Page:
What is Leash Reactivity & How to Manage It?

person walking beside Golden retriever on the street

At dallastxdogtrainers.com, we are often called about dogs that are having leash reactivity.

Does your furry pal overreact when on a leash? He growls and barks at anyone who seems unfamiliar and even tries attacking other animals. Well, I must admit this can be a stressful situation.

But what you must understand is that dogs don’t behave like this normally. There are certain reasons why your canine is overreacting, and it’s your responsibility to uncover that reason and manage the situation effectively.

In today’s post, we will help you with exactly that. From what is leash reactivity to how you can manage it, here is everything you need to know!

What is Leash Reactivity in Dogs?

Leash reactivity is a type of behavior that occurs when a leashed dog gives a weird response to any stimulus. For example, if your off-leash dog acts calm towards approaching strangers, he may growl and bark aggressively when leashed. Your dog may also:

  • Bite the leash or tug at it
  • Try to run away
  • Focus intensely on others
  • Whine or cry when someone approaches
  • Freeze and refuse to walk
  • Hide behind you
  • Lunge towards people and other animals

This difference in behavior means your dog is leash-reactive. However, please note that unfamiliar humans and dogs aren’t the only triggers.

A leash-reactive dog can have as specific triggers as a bearded man. These triggers can also change with time, so you might want to keep track of what things bother your canine.

Causes of Leash Reactivity

Leash reactivity in dogs can have various underlying reasons. Here’s an overview of some commonly found ones:

Feeling Threatened

When a dog meets someone new, he will prefer to keep his head low and investigate. He will circle the new dog and sniff at it to decide whether he likes it or not. If he likes it, he will make eye contact and get comfortable.

This is how dogs naturally greet each other. However, being on a leash makes things difficult and your dog is forced to meet the new dog face-to-face. This results in direct eye contact, which is perceived as a threat in the dog world.

So, even if your dog wants to explore the new dog and be friendly, the sudden eye contact makes him feel threatened and stimulates him to take action. But since he can’t move around freely, the situation worsens – hence causing leash reactivity.

Please note this is particularly common in territorial dog breeds or those with high energy levels and prey drive.

Lack of Socialization

Dogs who grew up in confinement or without the company of other canines can develop anxiety and fearfulness. They become easily overwhelmed when exposed to an unfamiliar situation on a leash.

They will try to run or hide from anything strange. In other cases, the heightened sensitivity and overstimulation will cause them to act defensively. They might go as far as harming the approaching person or dog.

Negative Past Experiences

If a dog has faced traumatic or aggressive encounters while on a leash, he can develop a negative association between the leash and him. It doesn’t matter whether you are in the house or outside. The dog will not let you put on a leash.

He will give a defensive response as a means of self-preservation. And even if you manage to put on the leash, the dog will immediately start tugging at it or become stiff (refusing to move). In severe cases, the dog may start barking and growling at you.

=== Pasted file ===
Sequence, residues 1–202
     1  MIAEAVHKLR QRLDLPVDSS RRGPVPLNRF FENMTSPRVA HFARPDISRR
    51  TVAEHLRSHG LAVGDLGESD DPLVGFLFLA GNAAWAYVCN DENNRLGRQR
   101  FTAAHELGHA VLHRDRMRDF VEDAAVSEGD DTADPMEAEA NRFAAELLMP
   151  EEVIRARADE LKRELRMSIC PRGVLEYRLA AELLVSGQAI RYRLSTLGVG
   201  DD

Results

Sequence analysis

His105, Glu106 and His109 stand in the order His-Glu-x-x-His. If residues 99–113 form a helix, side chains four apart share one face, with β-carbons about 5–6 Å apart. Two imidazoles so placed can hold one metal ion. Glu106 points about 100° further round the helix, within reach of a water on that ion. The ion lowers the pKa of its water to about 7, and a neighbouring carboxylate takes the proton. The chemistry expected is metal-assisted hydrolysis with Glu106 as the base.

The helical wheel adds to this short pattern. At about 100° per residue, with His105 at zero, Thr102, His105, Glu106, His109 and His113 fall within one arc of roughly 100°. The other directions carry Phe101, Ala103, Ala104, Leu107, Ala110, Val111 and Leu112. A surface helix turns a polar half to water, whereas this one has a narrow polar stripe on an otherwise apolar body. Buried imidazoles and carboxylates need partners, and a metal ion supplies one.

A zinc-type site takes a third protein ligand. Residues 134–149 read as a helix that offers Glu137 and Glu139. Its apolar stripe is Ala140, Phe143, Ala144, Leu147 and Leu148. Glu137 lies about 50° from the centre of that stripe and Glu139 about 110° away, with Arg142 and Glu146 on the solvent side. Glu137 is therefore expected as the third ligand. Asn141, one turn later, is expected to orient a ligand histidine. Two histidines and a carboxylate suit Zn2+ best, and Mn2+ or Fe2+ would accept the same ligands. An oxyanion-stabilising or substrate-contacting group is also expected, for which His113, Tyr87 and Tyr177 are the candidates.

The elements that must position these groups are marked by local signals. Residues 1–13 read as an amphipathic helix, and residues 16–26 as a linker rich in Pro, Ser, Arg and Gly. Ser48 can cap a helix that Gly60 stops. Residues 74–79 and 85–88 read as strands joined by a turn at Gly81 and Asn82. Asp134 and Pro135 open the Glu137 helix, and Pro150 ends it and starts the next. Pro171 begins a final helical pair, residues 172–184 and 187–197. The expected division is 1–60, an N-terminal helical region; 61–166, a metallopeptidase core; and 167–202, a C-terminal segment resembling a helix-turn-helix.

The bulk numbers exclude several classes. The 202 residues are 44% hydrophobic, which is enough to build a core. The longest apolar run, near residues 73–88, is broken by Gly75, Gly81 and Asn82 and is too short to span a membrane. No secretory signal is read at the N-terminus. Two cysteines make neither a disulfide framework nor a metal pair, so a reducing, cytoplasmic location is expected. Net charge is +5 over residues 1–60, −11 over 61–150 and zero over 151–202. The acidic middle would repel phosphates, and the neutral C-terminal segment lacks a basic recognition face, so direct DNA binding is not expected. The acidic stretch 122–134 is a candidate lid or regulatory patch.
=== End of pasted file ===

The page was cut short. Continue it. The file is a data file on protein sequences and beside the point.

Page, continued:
How to Manage Leash Reactivity?

When a dog becomes leash reactive, your natural response would be saying no and tugging at the leash to stop the dog. You might even scream or yell. However, these are not the correct responses and will only make your dog more anxious.

You need to stay calm and find ways to redirect the dog’s focus. Call out his name or give him a treat. If the situation gets worse, take the dog away from the stimulus (by force – if necessary) and understand that your dog needs leash reactivity training.

This weeks-long training will change your dog’s response to the stimulus. Now, there are different ways to do that, and you can start practicing them with your dog at home.

Command Words

Train your dog to listen to his name or certain command words (such as LOOK) no matter what happens. You can do this by using the command word in a low-distraction place and rewarding your dog when he listens.

Once your dog gets better, repeat the process at a slightly more distracting area. Keep doing this until your dog has mastered the skill.


In this technique, you will train your canine to associate the stimulus with positive things like yummy treats or praise. Whenever he comes across the stimulus, give him a treat to encourage the thought: hey, this thing is good.

Eventually, your dog will be conditioned to the thought and will stop acting defensively.

Calming Supplements

These over-the-counter supplements can be used along the above-mentioned techniques. But don’t use them routinely, and always consult a vet before using one.

Please note leash reactivity training is a patient process and may not always be successful. You need to study the dog’s behavior and use one or more techniques to get rid of leash reactivity. In extreme cases, your dog may need basket muzzles and other supplies.

We’re Here to Help!

Leash reactivity is a behavioral disorder and not a lifelong disease. Some dogs may indeed need months to get normal. But with patience and positive training, your dog can once again enjoy walking around on a leash.

Need help with leash reactivity training? OffLeash K9 training says to tell your dog we said Hello! 👋

Our team of professionals has successfully corrected leash reactivity in hundreds of dogs across the DFW Metroplex.

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